Wednesday, September 27, 2006

Crooked UK accountants want one regulator to better cover up corruption

With it being difficult to keep the lid on client complaints against crooked accountants, the profession feels it has a need to have one single regulatory body - so their power in dealing with future legislation will be great enough to put a stop to any pro client reforms, as the legal profession currently awaits.

Read on for the article, from the Herald, at :
‘Nonsense’ of diverse accountancy bodies
PAUL ROGERSON September 14 2006

The head of Grant Thornton in the UK has called on Britain's accountancy institutes to cast aside their "jealousies" and unite under one cross-border body.

Michael Cleary said it is a "nonsense" for Britain to have more than six professional organisations, which he believes prevents the UK's 250,000 accountants from speaking with one voice.

In a speech to the Institute of Financial Accountants, Cleary predicted that within a decade all the institutes will combine to form a nationwide institute comprising "proud chapters representing the (profession's) founding bodies".

As head of Britain's fifth-largest professional services firm, Cleary will renew debate about the profession's future following another bout of turf wars between the institutes. Last year First Minister Jack McConnell famously intervened to help the 16,000-strong Institute of Chartered Accountants of Scotland fight off a raid on its brand by the Institute of Chartered Accountants in England and Wales.

The 125,000-strong Icaew had wanted to adopt "The Institute of Chartered Accountants" as its "catch-all" brand, a plan which the Scottish body viewed as blatant usurping of a prestige unmatched in the global profession. The Edinburgh-based body, which has launched generations of Scottish business leaders, was granted its royal charter in 1854 and was the first to adopt the "chartered accountant" designation.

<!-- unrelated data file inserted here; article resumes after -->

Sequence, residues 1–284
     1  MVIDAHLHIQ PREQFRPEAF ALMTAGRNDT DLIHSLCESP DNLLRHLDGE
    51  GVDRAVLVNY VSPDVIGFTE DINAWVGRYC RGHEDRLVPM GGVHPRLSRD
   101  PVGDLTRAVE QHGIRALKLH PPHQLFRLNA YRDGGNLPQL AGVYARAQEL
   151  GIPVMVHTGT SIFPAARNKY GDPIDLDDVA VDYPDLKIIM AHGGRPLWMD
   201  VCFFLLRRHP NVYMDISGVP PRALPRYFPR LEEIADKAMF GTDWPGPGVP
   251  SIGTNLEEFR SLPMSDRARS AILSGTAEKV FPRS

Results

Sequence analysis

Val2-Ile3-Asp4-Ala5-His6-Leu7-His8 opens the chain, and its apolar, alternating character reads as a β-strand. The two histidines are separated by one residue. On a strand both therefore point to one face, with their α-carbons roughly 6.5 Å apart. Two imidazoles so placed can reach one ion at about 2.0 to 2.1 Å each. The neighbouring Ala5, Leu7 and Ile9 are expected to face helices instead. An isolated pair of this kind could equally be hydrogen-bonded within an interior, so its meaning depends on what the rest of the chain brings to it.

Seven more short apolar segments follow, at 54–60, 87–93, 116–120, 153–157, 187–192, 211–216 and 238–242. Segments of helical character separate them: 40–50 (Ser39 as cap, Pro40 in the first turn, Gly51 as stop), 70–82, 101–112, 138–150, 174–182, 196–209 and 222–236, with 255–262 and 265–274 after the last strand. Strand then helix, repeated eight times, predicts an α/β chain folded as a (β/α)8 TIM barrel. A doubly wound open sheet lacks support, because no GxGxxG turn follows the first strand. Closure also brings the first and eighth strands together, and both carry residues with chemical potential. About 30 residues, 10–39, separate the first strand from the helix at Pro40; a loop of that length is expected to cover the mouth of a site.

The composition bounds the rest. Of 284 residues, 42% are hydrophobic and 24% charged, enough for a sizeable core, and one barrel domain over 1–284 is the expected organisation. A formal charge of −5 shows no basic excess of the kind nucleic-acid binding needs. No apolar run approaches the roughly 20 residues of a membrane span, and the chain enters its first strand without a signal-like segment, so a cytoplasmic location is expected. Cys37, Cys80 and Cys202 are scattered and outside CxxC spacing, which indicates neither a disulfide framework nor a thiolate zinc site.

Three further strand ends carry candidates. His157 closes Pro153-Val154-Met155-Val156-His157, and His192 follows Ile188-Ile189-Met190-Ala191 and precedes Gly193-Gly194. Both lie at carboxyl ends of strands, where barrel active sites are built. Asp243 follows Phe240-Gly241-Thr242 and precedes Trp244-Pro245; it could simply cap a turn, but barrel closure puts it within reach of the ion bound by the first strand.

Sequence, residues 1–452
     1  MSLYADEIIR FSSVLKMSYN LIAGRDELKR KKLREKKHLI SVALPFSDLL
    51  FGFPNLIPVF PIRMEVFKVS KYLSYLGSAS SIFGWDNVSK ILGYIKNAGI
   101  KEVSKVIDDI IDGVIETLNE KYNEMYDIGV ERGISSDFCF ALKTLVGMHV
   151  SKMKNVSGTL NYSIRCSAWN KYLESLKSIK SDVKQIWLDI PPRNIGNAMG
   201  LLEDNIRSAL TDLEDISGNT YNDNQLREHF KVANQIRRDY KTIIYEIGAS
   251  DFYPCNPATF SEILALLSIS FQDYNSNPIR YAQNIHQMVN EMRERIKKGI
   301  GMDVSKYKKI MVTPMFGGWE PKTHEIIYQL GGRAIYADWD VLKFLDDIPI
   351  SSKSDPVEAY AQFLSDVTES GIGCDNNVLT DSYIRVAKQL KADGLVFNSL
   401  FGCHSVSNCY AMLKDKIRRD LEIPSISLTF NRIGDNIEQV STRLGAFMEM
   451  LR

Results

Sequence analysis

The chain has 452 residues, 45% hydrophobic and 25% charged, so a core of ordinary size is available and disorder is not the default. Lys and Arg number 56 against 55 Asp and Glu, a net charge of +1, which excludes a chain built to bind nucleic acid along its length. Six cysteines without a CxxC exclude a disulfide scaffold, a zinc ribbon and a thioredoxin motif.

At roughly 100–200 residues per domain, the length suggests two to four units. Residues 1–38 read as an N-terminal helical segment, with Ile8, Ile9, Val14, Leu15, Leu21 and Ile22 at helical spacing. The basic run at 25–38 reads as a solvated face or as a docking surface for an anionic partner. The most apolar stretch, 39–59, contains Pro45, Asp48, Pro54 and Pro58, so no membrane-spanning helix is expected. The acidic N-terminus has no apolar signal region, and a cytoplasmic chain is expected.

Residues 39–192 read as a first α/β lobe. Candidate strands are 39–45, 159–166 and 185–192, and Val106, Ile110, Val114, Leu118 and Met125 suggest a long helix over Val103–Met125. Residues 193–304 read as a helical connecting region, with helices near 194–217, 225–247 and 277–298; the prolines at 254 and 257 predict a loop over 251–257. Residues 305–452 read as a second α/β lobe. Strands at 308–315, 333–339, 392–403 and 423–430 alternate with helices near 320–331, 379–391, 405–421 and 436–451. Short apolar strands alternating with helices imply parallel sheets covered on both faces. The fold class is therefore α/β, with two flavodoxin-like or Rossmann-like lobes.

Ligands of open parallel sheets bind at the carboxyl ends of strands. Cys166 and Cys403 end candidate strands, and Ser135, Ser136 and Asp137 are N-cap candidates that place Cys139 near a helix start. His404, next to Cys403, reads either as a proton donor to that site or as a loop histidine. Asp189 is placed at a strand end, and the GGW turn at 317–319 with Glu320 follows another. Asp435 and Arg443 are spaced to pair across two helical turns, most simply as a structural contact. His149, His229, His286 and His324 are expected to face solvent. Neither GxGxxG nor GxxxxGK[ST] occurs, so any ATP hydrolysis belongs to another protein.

Icas members threw out a plan to merge with its southern counterpart at the turn of the 1990s, and the Scots body has prospered recently - most notably by attracting students based in England and Wales. Efforts to put some or all of the six principal organisations together have nevertheless continued.

Last year the latest consolidation effort saw public sector body the Chartered Institute of Public Finance and Accountancy fail to seal a merger with the Icaew.
Cairn Energy chairman Norman Murray, who is president of the Scottish institute, rebutted Cleary's claims. "We have always said that consolidation is not inevitable," he said.

"To demonstrate to our members that merging would be in their interests and in the public interest, we need to show that we can work together closely with other institutes first and foremost. At the moment we see no need to merge."

Murray's appeal for close co-operation was last night echoed by Icaew president Ian Morris, who visited Edinburgh to address some of the 1300 members of the English institute who work in Scotland.

"Our relationship with Icas is one of partnership," he said. "I value the long-standing and constructive working relationship that exists between (us)."

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